9. Verification and Validation • Verification: Is the simulation software correct? • Software debugging • Validation: Does the simulation model give an accurate representation of the modeled system? • Do the outputs “make sense”? • Calibrate: iterative procedure involving comparing model predictions with an operational systems (or another model of the operational system), and modifying (tuning) model to improve accuracy • Sensitivity analysis: determine which factors have a large effect on performance measures • Case Study • Specifics not given (except growth in RJ use) • DPAT verified and validated separately

  10. Experiment Design • Specify what simulation runs are to be performed • Select scenarios, system configurations • Length of run; warm up period • Number of replications (independent runs) using different random number streams to establish confidence intervals • Case study • Scenarios using projected schedules for December 2003 • Weather effects and other external events not simulated • Details of runs (number of trials, etc.) not specified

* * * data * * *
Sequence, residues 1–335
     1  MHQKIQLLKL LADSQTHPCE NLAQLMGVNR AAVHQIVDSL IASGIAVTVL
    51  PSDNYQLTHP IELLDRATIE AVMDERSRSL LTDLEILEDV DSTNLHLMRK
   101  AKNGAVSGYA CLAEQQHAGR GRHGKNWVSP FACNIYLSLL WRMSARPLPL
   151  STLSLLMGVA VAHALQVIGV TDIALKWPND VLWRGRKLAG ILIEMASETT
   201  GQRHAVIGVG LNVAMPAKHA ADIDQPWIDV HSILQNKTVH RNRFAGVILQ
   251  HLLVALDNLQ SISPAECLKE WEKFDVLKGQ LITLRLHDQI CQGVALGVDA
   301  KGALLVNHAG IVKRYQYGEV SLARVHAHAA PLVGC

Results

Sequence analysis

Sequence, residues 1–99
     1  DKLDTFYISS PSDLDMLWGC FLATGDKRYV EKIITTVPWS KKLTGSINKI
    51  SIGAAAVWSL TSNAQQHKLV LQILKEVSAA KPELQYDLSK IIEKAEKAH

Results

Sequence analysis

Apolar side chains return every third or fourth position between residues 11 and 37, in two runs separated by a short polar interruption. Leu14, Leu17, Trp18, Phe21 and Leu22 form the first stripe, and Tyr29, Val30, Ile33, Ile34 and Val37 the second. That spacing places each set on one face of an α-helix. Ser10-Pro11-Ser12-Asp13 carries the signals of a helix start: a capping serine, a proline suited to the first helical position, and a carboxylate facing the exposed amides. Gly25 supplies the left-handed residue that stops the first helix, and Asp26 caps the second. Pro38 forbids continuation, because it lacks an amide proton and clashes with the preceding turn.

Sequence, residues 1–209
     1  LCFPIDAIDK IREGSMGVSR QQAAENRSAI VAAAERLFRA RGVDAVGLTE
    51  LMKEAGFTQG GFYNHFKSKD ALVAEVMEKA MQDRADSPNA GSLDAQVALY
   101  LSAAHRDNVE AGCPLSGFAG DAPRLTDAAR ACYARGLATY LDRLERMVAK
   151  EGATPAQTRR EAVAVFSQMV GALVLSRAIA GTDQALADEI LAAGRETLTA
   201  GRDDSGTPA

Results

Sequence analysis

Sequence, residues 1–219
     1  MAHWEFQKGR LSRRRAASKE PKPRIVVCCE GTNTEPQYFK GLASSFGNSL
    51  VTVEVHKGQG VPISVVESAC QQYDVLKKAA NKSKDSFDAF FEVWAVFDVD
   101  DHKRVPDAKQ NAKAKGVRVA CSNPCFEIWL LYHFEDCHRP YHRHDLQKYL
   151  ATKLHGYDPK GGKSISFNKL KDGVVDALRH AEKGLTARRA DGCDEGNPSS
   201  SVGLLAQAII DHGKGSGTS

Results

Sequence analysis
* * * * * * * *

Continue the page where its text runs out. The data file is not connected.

11. Output Analysis • Output Analysis • Collect simulation results from sets of runs • What does it mean? • Case Study • Nine (out of 20) U.S. Air Route Traffic Control Centers (in Michigan/Florida/Texas triangle) will see traffic growth exceeding national averages • Largest growth in Indianapolis Center, then Cleveland and Dallas/Fort Worth • Significant congestion predicted in sectors north of Cincinnati • RJs will have minimal impact in western U.S.

  12. Concluding Remarks • A successful simulation study involves many other steps in addition to developing and running the simulation model • Inclusion of many individuals necessary to ensure the study is valid, and to promote “buy in” by decision makers and others • Don’t blindly believe the simulation results!